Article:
The release of 400,000 classified documents on the Iraq war today highlights a much broader issue for New Zealand. As the world moves into uncertainty, some commentators call it a ‘new new world order’, New Zealand must establish itself definitively, cementing the values we wish to hold true for the coming century.
Clearly Helen Clark made a commendable decision to stay out of the Iraq War. Further atrocities have emerged surrounding coalition actions, or in some cases inaction, during the Second Gulf War. The international media is saturated by coverage, so it seems a little nonsensical to patronise you with the details. However, when we recall the period leading up to the invasion, and the pressure on our Government to decide its position, we realise how close our country came to being another party to these atrocities.
A new global climate of security threats and fear is developing. The socialisation process behind finding a new ‘Western enemy’ to replace terrorism has begun, and this will gain momentum over the coming decades. New Zealand needs to assert its position in this emerging climate, ensuring it holds firm the commitment of international human rights when deciding foreign policy.
Yet at the same time as considering this thought, we must consider the international economic climate, and it’s constantly changing nature. China and Brazil are standing up to the big boys, and the world is walking into a currency war. In Europe, millions of average citizens are taking a stand against the greed of the few, demanding answers as to why they must carry the burden created from risk and excess. Commentators around the world are questioning whether the worst is yet to come in this economic climate, and there seems to be little commentary on what the likely affects of these austerity cuts will be.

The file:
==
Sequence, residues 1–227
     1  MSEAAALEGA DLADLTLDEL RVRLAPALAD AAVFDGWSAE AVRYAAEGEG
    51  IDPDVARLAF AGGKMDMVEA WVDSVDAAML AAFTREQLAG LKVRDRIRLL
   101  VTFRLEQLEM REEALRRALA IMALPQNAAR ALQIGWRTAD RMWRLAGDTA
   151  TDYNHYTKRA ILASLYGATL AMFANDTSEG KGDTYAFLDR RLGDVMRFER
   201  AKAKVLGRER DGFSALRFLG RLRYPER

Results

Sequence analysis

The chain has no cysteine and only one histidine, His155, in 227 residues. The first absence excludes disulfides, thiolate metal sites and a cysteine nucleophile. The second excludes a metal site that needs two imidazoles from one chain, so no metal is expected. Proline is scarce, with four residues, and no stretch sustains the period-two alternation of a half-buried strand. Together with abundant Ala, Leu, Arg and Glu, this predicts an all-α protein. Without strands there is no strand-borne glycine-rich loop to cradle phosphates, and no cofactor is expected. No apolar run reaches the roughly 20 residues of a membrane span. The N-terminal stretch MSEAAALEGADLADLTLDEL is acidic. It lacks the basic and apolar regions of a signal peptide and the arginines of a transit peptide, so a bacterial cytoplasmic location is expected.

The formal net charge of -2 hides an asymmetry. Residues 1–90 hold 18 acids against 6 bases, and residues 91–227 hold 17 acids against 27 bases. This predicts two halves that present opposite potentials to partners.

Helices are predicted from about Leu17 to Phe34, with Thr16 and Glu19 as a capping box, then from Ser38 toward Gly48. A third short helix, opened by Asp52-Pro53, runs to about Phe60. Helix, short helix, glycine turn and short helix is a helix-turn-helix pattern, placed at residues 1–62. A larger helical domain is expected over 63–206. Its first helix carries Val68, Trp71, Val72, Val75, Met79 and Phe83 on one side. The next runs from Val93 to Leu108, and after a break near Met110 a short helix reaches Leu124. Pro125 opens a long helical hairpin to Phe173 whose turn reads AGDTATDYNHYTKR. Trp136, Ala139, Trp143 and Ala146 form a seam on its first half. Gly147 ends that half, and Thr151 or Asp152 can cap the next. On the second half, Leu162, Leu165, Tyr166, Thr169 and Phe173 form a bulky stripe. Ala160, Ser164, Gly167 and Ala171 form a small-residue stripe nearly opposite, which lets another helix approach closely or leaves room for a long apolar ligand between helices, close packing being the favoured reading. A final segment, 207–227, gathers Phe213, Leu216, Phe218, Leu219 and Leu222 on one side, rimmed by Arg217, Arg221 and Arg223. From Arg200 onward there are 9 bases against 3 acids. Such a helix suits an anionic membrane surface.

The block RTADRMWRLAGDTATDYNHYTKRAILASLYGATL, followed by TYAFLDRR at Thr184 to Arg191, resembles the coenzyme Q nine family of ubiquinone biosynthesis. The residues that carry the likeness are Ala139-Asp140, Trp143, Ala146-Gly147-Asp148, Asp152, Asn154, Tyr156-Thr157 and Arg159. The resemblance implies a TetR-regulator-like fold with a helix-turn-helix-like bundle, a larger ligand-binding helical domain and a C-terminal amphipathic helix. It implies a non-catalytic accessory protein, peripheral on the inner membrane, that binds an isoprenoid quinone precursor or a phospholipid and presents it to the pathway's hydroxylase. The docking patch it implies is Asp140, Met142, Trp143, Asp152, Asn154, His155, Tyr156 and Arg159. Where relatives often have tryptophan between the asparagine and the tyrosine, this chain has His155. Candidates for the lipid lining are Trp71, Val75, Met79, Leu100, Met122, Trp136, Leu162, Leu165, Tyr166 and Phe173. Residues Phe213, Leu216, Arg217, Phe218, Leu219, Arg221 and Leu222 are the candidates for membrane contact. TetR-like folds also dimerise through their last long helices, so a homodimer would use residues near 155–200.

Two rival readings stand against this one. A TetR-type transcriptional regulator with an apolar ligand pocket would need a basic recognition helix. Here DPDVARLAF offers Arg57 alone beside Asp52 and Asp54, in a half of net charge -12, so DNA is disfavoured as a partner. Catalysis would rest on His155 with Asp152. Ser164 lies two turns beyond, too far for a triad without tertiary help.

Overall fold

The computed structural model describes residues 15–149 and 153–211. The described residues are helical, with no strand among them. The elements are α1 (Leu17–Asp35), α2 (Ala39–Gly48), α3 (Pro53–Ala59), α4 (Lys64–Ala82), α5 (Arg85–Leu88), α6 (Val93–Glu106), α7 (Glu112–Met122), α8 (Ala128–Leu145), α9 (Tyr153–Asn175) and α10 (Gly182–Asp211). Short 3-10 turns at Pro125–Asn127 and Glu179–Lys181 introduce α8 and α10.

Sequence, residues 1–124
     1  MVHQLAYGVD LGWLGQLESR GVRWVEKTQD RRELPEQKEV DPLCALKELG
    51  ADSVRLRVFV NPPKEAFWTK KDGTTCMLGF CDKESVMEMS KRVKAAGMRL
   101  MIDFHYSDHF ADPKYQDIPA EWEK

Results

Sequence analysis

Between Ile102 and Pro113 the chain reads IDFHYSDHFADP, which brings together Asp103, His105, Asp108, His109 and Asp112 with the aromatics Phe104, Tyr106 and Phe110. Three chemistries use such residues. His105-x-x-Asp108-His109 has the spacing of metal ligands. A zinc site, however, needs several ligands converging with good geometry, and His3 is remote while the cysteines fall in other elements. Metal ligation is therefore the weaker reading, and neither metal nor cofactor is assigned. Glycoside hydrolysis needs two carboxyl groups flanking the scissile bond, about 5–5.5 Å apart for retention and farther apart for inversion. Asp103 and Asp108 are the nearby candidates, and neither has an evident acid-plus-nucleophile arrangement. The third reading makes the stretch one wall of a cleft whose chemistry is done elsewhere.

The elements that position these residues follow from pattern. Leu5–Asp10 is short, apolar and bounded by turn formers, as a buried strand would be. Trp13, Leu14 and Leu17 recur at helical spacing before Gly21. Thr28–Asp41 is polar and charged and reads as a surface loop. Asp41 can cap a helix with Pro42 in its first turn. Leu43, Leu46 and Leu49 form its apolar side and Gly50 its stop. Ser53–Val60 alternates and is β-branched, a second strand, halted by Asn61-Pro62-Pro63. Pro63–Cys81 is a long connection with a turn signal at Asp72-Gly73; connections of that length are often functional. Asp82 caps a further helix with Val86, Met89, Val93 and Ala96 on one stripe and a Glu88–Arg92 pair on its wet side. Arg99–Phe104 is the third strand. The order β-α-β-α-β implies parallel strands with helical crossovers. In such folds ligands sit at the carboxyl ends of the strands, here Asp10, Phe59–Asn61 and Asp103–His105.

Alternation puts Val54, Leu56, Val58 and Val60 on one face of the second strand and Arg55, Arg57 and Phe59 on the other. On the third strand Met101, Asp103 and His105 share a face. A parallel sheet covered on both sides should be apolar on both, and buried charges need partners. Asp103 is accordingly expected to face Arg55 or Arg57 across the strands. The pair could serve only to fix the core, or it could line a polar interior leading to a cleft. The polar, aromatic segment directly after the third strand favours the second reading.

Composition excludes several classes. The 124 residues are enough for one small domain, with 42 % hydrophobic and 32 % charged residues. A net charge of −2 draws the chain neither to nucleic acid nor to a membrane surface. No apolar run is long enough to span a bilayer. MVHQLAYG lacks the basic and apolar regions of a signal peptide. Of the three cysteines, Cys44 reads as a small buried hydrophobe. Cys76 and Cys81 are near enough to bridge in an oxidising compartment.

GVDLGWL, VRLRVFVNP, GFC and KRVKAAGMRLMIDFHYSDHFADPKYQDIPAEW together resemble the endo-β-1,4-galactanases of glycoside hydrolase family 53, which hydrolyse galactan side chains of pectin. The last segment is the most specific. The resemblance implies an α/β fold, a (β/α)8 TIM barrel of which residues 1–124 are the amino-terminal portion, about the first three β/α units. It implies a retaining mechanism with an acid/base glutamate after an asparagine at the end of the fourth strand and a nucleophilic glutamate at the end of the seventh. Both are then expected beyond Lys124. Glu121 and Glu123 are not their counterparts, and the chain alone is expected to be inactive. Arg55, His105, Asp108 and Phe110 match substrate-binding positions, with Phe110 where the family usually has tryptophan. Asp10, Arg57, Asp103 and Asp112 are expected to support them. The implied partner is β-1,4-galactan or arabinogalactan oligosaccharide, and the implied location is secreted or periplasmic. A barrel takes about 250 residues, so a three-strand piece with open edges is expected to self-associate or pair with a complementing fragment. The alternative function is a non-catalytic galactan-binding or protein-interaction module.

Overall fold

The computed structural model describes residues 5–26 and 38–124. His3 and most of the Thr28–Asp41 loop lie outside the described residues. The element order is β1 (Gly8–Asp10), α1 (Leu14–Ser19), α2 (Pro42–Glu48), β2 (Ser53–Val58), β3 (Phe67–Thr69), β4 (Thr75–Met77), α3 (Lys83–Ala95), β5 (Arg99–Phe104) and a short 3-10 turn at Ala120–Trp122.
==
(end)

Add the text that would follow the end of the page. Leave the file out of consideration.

The internet is becoming the newest battlefield of global dominance. The U.S. Administration has almost created a ‘kill switch’, which is a worrying sign for us and potentially a powerful political tool in the coming decades. Stuxnet could be called the first move on the chessboard of state cyber warfare, with further attacks seemingly only a matter of time. How this will play out is anyone’s guess, however the implications for New Zealand should be considered now, because as time goes on, the problem becomes more than just a second page story in our local paper.
Closer to home, we have Chinese interests attempting to capture any and all primary industry they can. They’re smart, they know the system and they know how to play it. We’re losing more and more control of our own decision making power, and if we want to grasp the reins of this escaping horse, we have to act now. Our own financial system is attached by a single thread hanging off a huge international financial web. If anyone were to come along and swipe this web away, we’d be one of the first things to fall.
We also have the environment to consider, our greatest international asset. There seems to be much international conflict over how to deal with environmental issues and global warming, and even our own political parties seem to disagree on how to deal with it. We should do future generations a favour on this issue and begin the process of becoming a global leader in environmental policies, as I’ll mention in a moment, small steps now can lead to giant leaps in the future.
Essentially what I’m trying to argue is that there is a massive tornado ripping across the globe, severely affecting political/economic/social and environmental aspects of the current environment. New Zealand needs to set itself a direction and ensure when this tornado passes across our landscape, we’ll come out with minimal damage.
How to set this direction is a harder task, yet we can make small steps, and we can make them now. It seems Labours discussion of New Zealand becoming a Republic could be a good start, for often when a Republic has been created in the past, so too has a true nation of united people with a united direction emerged. There seems to be no better time than now.